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Re: Why do KE/CA fly around Himalayas to India?

Wed Feb 28, 2018 3:26 am

Tristarsteve wrote:
They probably have a problem with the pax oxygen system. There is much of the area where you cannot descend immediately to 1000ft if required. Therefore you must have an enhanced oxygen system that works for longer than 20 minutes. Our B777 and B744 had the fwd cargo filled with oxygen bottles (behind the sidewall and in the roof) to enable direct flights over the himalayas (and Greenland). Perhaps these airlines find it easier to go round?


BravoOne wrote:
I would imagine that like others have stated, this is a pax oxygen issue combined with Minimum Sector Altitudes that surround the Hindu Kush regions. Most Jeppesen tailored high altitude enroute charts, will have "escape" routes printed them should you lose an engine and start a drift down. That combined with your oxygen supply will determine your course of action. Recall that the worst case scenario usually involves a combined engine loss along with a decompression, hence the decent to something lower than 10,000. If the MEA or MSA is above 10,000 you need O2 until you can get lower. As I recall you do not need O2 for every pax but rather a percentage value.

Boeing offer extended capacity O2 canister that last for 25 minutes as opposed to the 15 minute standard versions. Not positive about those numbers so don't call me on it. They also offer a gaseous O2 system with extended capacity on some models.

Yeah I thought it might be O2 but I thought UA rolls supplemental O2 tanks onto its EWRBOM/DEL flights for that specific reason? Can you not do that on the 330 or a narrowbody? I also wondered that if you can fly China-KTM on narrowbodies all day, and KTM-India on narrowbodies, couldn't you route overhead above KTM?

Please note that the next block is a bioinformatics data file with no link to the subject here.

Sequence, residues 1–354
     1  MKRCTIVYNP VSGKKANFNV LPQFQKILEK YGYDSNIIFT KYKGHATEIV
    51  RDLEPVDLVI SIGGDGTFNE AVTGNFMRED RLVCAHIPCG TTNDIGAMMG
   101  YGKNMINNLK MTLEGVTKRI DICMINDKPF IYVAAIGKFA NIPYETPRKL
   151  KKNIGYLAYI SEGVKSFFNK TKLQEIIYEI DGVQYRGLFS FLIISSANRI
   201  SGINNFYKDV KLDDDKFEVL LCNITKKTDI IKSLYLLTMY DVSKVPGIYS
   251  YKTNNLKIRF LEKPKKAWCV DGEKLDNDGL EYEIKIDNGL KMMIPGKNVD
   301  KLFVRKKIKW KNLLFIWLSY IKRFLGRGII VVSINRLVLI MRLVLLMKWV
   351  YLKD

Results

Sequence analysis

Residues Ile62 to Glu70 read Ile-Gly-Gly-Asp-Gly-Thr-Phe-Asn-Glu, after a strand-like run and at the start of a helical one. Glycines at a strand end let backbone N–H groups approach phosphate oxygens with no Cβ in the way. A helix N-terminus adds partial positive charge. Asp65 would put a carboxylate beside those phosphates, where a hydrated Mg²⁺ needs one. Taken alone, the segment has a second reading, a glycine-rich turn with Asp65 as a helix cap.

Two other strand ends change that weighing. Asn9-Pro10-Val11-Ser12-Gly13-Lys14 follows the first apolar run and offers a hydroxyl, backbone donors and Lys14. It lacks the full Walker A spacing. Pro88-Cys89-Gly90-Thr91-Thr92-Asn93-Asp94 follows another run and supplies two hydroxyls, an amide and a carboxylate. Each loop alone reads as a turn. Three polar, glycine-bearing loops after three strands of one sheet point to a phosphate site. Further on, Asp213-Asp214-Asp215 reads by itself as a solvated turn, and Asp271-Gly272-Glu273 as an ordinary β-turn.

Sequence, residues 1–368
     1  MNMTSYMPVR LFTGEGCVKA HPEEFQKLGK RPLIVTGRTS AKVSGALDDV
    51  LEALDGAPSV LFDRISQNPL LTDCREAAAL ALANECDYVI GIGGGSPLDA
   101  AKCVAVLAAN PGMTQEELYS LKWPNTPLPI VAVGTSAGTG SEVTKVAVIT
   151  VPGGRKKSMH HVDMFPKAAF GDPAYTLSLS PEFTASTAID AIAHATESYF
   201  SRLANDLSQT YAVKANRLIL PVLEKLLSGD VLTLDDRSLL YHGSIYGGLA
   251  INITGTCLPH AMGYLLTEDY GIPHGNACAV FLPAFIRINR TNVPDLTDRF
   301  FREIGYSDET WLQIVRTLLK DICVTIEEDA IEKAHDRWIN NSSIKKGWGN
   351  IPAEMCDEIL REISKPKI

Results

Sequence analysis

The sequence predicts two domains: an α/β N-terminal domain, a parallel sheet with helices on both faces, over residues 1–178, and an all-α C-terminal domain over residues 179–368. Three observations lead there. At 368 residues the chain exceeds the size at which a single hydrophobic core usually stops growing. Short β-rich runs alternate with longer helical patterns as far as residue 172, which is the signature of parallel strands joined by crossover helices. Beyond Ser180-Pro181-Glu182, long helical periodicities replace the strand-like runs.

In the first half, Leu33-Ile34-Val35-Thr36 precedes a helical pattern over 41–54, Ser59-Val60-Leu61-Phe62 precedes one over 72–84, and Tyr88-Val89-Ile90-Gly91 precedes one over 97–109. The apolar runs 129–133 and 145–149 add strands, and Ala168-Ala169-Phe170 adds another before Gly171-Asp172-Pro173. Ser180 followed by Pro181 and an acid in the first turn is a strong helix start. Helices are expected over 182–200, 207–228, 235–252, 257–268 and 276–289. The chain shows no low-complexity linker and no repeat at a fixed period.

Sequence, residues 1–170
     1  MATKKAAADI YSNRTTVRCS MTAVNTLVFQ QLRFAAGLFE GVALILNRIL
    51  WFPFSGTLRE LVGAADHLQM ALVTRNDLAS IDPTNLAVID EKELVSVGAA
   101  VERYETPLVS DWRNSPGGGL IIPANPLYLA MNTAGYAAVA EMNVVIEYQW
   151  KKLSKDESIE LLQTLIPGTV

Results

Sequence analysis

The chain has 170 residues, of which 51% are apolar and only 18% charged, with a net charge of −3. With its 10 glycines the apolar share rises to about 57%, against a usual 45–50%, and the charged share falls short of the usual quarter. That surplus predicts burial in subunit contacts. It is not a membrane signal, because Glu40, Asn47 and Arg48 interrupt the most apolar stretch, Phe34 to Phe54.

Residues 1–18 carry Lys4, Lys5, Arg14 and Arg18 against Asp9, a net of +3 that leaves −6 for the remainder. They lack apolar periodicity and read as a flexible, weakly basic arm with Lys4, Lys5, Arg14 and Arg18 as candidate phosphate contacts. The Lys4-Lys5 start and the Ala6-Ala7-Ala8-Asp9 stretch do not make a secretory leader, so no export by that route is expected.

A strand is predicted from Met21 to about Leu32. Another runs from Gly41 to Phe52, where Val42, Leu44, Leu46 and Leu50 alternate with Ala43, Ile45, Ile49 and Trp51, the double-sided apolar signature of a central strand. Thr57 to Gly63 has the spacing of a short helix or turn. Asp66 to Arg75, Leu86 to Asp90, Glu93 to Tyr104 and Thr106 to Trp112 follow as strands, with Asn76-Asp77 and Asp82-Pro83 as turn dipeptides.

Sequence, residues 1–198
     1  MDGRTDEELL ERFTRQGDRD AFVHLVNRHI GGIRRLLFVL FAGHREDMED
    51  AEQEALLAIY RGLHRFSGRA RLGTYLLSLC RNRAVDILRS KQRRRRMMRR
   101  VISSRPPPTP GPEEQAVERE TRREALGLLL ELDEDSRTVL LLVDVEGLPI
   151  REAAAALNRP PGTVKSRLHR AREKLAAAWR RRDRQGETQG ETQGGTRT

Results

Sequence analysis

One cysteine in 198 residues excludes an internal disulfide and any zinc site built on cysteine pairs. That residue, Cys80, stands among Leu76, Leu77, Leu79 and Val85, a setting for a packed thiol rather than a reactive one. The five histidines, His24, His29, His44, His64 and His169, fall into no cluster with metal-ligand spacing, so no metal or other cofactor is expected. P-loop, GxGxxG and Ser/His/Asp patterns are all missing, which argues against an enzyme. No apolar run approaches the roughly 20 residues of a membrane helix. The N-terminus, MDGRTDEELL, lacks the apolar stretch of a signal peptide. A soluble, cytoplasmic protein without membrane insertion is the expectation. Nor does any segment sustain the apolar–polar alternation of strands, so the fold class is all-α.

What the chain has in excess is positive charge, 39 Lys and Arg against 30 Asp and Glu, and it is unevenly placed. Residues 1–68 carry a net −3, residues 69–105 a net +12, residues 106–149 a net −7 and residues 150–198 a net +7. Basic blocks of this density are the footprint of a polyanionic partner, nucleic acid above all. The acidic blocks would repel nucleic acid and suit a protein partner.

http://www.gcmap.com/mapui?P=icn-mdl-bo ... xa-ktm-bom
E pur si muove -Galileo
 
FrmrKSEngr
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Re: Why do KE/CA fly around Himalayas to India?

Wed Feb 28, 2018 6:24 am

If you look at an Airway chart, they get pretty sparse over eastern China and Tibet compared to south of Nepal
 
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zeke
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Re: Why do KE/CA fly around Himalayas to India?

Wed Feb 28, 2018 7:02 am

Three reasons

1- China has limited airways that are permitted for international flights.

2- Eastbound flights are taking advantage of a 100+kts tailwind that is over Dakha and Kunming. Westbound flights are probably down around 30,000 ft this time of year to get out of some of the headwind. The jet stream stays on the southern side of the terrain.

3- the routes require depressurised and engine out performance assessments. Terrain on the route can be over 20,000 ft.
Last edited by zeke on Wed Feb 28, 2018 7:07 am, edited 1 time in total.
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BravoOne
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Re: Why do KE/CA fly around Himalayas to India?

Wed Feb 28, 2018 11:23 am

Just a side note;. The 787 is offered with three different capacity pax gaseous 02 systems so if an operator routinely operated on those kind of routes one would think they might opt for one of the larger capacity systems. Zeke's comments are certainly worthy of note as well.